We headed across town to our hotel, which was the former iconic circular Holiday Inn featured in so many movies as well as noted when OJ Simpson drove by it on his famous car chase. Bundy is just a few blocks away. It is now a sleek boutique hotel, which we have stayed in many times through the years. It is in a perfect location – across the freeway from UCLA, at the foot of the Getty Museum, several blocks from Wilshire and is actually on Sunset Blvd. It also has a great bar/restaurant on the top floor, which overlooks the 405-freeway rush hour traffic, which was fascinating to watch. For dinner, we had two appetizers and Michael had a cocktail to end our day. He was snoring by 6:30. I soon followed.

Sunday, May 16, 2010

Another Birthday












It is a birthday month! We missed our friend’s birthdays and even though we have known them for almost eighteen years, they got lost in the black hole of my calender! Rick’s birthday was in March and Natalie had one just a week ago so we celebrated both together last night. They live down the street and have a 13-year old daughter in 8th grade. It has been a pure pleasure watching Melanie grow before our eyes. I must add that she is a fine musician who plays both the piano and saxophone. She missed our birthday celebration because she was in Disneyland with the school band. Good for her!

We hosted them to a superb dinner in a restaurant with an amazing view usually filled with people celebrating birthdays, weddings and anniversaries high up in the hills at the top of the pass.

Michael and I split the following: an appetizer, a steak dinner, and dessert. It was still too much food. Our friends had surf and turf and a thick Filet Mignon dinner. We were all stuffed to the gills. We sat, looked at the beautiful views and enjoyed being together for over three hours. It was lovely.

I looked around the table at one point and said a silent prayer of thanks. I am so grateful that these people are in my life. Then I looked at the handsome, charming man next to me and I am so grateful that he didn’t cut and run when I was diagnosed. It has not been easy for him to watch helplessly as the disease and it’s ramifications unfolded.

He is a good man.

Saturday, May 15, 2010

Leaving Rhoda Behind




















I was still very close to Lindsey when the whole blowup happened with the twin. She was also dealing with marriage issues, which culminated in a very nasty divorce.

I had noticed that she always needed a Rhoda. You know, The Mary Tyler Moore show of the 1970’s. She cast herself as Mary Tyler Moore and always needed a side partner. I often wondered about the other women we would visit on occasion and it wasn’t until after another Rhoda replaced me that I figured it all out.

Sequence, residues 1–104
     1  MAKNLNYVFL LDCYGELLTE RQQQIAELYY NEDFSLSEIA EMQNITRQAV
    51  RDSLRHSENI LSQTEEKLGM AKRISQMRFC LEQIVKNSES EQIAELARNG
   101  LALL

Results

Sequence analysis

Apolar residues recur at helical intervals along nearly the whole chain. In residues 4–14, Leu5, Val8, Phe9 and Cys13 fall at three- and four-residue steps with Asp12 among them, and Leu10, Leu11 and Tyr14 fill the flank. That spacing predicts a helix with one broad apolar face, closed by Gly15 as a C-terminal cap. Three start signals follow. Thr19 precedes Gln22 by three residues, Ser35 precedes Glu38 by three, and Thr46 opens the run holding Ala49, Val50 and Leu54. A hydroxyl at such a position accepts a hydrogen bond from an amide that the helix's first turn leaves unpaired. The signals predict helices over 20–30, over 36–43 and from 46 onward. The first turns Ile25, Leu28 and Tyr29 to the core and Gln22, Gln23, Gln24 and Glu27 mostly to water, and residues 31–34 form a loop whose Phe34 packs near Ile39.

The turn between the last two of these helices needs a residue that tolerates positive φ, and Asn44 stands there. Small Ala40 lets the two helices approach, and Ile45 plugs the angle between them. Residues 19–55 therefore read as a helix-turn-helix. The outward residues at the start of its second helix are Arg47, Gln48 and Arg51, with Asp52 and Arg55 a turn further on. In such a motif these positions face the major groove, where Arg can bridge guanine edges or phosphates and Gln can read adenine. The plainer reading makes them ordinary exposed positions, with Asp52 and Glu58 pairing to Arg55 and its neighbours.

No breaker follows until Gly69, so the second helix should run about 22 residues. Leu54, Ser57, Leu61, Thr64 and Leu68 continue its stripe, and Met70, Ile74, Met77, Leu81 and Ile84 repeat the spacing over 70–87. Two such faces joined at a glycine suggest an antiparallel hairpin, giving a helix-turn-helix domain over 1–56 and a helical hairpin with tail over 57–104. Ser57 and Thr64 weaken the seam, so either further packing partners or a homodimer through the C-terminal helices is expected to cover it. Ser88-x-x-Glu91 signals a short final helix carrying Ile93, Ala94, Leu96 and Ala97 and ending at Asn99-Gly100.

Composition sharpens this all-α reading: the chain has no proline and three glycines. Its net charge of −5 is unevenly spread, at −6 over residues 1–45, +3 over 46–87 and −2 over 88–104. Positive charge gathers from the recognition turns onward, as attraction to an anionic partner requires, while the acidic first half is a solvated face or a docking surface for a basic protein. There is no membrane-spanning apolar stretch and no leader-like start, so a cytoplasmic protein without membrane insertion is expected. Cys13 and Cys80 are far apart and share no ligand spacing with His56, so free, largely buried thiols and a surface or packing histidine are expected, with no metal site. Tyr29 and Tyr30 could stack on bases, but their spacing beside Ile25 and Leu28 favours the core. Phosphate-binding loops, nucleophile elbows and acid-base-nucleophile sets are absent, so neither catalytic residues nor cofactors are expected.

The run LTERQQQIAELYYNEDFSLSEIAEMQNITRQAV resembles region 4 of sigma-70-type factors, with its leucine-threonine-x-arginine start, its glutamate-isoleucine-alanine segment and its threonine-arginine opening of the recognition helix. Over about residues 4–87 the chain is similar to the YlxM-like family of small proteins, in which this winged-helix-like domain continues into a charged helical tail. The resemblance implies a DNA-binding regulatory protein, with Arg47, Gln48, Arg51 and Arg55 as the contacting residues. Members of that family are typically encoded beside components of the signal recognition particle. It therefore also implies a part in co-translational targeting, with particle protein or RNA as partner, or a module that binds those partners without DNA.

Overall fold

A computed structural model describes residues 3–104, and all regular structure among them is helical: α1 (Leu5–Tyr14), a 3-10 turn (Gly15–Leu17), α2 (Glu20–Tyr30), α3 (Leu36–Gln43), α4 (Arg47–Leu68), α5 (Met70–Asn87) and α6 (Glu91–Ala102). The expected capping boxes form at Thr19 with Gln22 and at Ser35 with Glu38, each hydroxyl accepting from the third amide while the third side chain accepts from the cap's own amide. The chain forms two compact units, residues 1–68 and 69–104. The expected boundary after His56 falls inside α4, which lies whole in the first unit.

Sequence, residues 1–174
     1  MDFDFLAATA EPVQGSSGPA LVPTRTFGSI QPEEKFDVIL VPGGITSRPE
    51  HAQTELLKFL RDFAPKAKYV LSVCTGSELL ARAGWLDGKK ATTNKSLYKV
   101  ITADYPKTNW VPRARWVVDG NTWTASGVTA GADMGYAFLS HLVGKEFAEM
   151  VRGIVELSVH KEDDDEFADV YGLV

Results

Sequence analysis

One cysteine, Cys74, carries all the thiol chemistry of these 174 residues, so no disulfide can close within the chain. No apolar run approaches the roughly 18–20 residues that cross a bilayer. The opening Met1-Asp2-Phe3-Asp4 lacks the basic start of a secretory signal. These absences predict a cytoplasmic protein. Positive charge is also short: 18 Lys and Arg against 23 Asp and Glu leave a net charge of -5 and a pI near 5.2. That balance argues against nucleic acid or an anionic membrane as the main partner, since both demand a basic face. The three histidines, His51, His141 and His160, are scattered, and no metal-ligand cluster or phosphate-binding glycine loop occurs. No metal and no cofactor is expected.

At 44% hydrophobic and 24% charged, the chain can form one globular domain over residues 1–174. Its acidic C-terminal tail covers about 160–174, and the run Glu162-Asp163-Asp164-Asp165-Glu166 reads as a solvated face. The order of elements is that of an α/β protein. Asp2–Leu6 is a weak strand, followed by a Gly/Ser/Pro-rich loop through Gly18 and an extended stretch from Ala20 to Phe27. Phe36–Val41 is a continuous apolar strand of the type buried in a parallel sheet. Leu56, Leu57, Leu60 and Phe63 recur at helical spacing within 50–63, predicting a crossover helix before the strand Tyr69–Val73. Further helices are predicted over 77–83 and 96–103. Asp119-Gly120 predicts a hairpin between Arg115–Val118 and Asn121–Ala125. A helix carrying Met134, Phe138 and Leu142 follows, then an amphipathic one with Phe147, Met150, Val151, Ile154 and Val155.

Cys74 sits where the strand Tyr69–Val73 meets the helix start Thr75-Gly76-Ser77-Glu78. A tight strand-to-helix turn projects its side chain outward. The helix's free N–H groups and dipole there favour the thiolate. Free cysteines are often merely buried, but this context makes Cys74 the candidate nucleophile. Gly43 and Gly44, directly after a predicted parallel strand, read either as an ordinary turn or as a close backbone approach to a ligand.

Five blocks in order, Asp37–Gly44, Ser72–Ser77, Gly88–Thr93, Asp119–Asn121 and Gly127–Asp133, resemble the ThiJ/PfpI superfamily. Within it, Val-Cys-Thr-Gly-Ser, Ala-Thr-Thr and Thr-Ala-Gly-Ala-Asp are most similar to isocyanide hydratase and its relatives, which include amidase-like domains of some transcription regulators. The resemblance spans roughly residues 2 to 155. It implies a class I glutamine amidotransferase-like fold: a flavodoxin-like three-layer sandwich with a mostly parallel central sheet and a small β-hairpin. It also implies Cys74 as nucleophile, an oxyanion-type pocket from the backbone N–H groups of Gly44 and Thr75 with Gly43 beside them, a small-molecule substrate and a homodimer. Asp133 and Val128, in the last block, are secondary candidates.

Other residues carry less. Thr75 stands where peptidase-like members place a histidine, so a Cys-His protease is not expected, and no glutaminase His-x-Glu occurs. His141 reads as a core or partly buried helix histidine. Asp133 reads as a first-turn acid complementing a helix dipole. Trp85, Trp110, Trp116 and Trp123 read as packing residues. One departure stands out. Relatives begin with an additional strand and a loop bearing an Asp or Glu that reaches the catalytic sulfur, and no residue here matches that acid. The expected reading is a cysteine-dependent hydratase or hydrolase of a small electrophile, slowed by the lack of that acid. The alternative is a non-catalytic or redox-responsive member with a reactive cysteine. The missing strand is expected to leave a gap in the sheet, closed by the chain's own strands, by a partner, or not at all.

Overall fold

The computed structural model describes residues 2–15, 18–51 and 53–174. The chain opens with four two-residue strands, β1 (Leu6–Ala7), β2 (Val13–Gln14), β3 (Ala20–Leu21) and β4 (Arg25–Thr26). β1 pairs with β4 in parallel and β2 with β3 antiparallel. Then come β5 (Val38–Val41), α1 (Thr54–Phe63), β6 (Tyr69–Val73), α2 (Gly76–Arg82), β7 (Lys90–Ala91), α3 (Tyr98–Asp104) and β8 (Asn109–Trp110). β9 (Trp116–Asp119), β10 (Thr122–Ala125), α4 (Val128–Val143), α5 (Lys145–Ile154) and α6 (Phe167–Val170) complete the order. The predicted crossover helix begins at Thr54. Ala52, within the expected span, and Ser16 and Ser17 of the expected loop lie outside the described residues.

The new Rhoda liked to hang out at night and drink in bars with her.

Suddenly, there was no time for me. I would call, listen to all of her problems, I would start to talk and she would have to go. Sorry, no time. This happened every time I called.

I decided not to phone to see how long it took for her to miss me. It was almost a month before she phoned me. I knew it was over. She had moved on.

I vowed to never be a Rhoda again.

By this time, the drama with the twin was going on, Michael had quit his well-paying job to work for a friend in his new shop 60 miles away for very little money. I was feeding us on $25.00 a week. I would do things like buy a chicken and make four meals from it. The final one would be homemade chicken noodle soup. I even made the noodles to save money. I grew to hate it.

Years later, William asked why we never had chicken noodle soup anymore. He had loved it. He never knew that we were almost broke. We gave up everything including life and health insurance. Everything was gone except our house and we came close to losing it.

Michael was in his two-year fog of not believing me about what happened with his twin. He was cold, distant, sarcastic, and very absent. I considered leaving him. My dad stepped in. He said to get my marriage back because it was important that William had two parents who loved each other.

I took control. We ended up taking long evening walks together in the downtown area and dad told me not to even mention the twin which I didn’t for at least ten years. We talked about very benign stuff. After a long while, we fell back in love again.

I went back to work. I had worked at William’s school as a paid aid and was head of both the Education Foundation and the Site Council. I had learned about education.

When it came time to find a job when William was nine-years old because we had no money and insurance, I applied for a job as a kindergarten aid at the school where I got sick. It was 1990. I earned $4.35 an hour but I had access to insurance for the family.